Sunday, June 10, 2012

Daily Bible Reading: 2 Kings 24-25 and Luke 17

2 Kings 24King Nebuchadnezzar of Babylon. Jerusalem Bible calls Nabu-kudur-usur founder of the Neo-Babylonian or Chaldean Empire, which succeeded Assyria from 605-562. The expedition to Palestine described here took place around 602. He defeated Pharaoh at Carchemish in 605. He comes to dominate Judah. Jehoiakim “became his servant for three years,” but then Jehoiakim rebels. “The Lord” sent against them bands of Chaldeans, Arameans, Moabites and Ammonites “to destroy” Judah “for the sins of Manasseh, for all that he had committed, and also for the innocent blood that he had shed; for he filled Jerusalem with innocent blood, and the Lord was not willing to pardon” (24:4).

When Jehoiakim dies, his son Jehoiachin (598-597) succeeds him. He was 18 and reigns three months; he did what was evil as his father had done.  The King of Babylon takes him prisoner, carries off all the treasure of the king’s house, cuts up the vessels of gold in the temple and carries off “all the officials, all the warriors, ten thousand captives, all the artisans and the smiths; no one remained, except the poorest people of the land” (24:14). He made Mattaniah, Jehoiachin’s uncle, king in his place and changed his name to Zedekiah. He reigned 11 years (597-587). Apparently he was Jehoahaz’ brother or half-brother.

2 Kings 25 – Zedekiah rebels against Babylon in the 9th year of his reign (589). The city is besieged for 3 years. There is severe famine. When a breach is made in the city wall, the king and his soldiers flee in the direction of the Arabah; but the army of the Chaldeans overtakes him in the plains of Jericho. All his army is scattered. They capture the king and bring him to the king of Babylon at Riblah. “They slaughtered the sons of Zedekiah before his eyes, then put out the eyes of Zedekiah; they bound him in fetters and took him to Babylon” (25:6-7). In 587, Nebuzaradan, the captain of the bodyguard, servant of Nebuchadnezzar, comes and burns all the great houses of Jerusalem; they break down all the walls of the city and carry into exile everyone except the poorest people “to be vinedressers and tillers of the soil?” (25:12) They take the chief priest Seraiah and the second priest, Zephaniah and the three guardians of the threshold. They were put to death at Riblah in the land of Manath. He appointed Gedaliah, son of Ahikam, son of Shaphan as governor. He tries to get people to cooperate but he is struck down by someone in the royal family, and they flee to Egypt. Meanwhile, in Babylon, Jehoiachin lives well, having been released from prison.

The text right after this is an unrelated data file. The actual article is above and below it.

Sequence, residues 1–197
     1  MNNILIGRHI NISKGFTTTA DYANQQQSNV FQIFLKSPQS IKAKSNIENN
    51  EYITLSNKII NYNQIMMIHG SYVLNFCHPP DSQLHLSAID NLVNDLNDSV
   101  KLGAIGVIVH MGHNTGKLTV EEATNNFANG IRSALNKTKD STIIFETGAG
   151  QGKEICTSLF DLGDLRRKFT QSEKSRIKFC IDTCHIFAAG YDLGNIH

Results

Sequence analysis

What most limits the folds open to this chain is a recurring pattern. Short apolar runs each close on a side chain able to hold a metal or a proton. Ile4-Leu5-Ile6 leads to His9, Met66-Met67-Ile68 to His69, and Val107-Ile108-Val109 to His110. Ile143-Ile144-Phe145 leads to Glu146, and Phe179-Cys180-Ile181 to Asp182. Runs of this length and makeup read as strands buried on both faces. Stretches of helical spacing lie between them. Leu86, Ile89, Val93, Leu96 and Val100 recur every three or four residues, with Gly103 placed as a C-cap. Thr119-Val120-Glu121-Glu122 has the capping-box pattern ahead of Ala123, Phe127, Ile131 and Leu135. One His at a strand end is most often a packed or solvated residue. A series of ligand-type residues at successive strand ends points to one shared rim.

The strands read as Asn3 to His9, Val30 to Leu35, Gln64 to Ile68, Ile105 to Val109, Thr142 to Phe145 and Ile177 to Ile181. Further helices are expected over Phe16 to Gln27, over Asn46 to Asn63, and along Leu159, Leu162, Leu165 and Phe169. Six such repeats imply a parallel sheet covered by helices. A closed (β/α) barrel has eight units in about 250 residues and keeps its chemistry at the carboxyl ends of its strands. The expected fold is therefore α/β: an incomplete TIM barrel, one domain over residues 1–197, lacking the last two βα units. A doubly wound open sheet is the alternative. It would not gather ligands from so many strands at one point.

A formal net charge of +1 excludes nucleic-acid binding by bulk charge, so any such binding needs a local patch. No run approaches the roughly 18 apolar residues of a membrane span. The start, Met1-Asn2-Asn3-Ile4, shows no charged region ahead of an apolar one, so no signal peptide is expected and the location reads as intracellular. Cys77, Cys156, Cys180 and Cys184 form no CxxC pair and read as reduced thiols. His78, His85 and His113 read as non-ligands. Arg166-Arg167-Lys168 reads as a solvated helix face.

Luke 17Do not cause others to stumble. “It would be better for you if a millstone were hung around your neck. . .” (17:2). If a believer sins, you must rebuke him, and if there is repentance, you must forgive—even if the sins are repeated. The disciples beg Jesus to increase their faith.  He says if it is the size of a mustard seed, they could do anything.

Jesus is just teaching them what it is their duty to do.  Who among them would welcome their own servants back from the fields with a banquet?  Rather, they would tell the servant to serve them first and then satisfy themselves later.

On the way to Jerusalem, in the region of Samaria and Galilee, Jesus is approached by ten lepers. He heals them and tells them to show themselves to the priests.  But only one turns back to thank Jesus—a Samaritan leper.

Jesus is asked about the coming kingdom and the “last days.”  He tells the Pharisees, “The kingdom of God is not coming with things that can be observed . . .the kingdom of God is within you” [another translation is “among you”](17:21). To the disciples, however, he goes into other things.  He says they will look for “one of the days of the Son of Man, and you will not see it” (17:22).  Do not pursue it. “For as the lightning flashes and lights up the sky from one side to the other, so will the Son of Man be in his day” (17:24). He must endure much suffering and be rejected “by this generation” (17:25—the 2nd prediction of his passion). As in the days of Noah, there will be eating and drinking until the floods come.  You must be ready to follow and not look back when the time comes.  When the time does come, people will be plucked away and some will be left.  Where to? He says, “Where the corpse is, there the vultures will gather” (17:37). 

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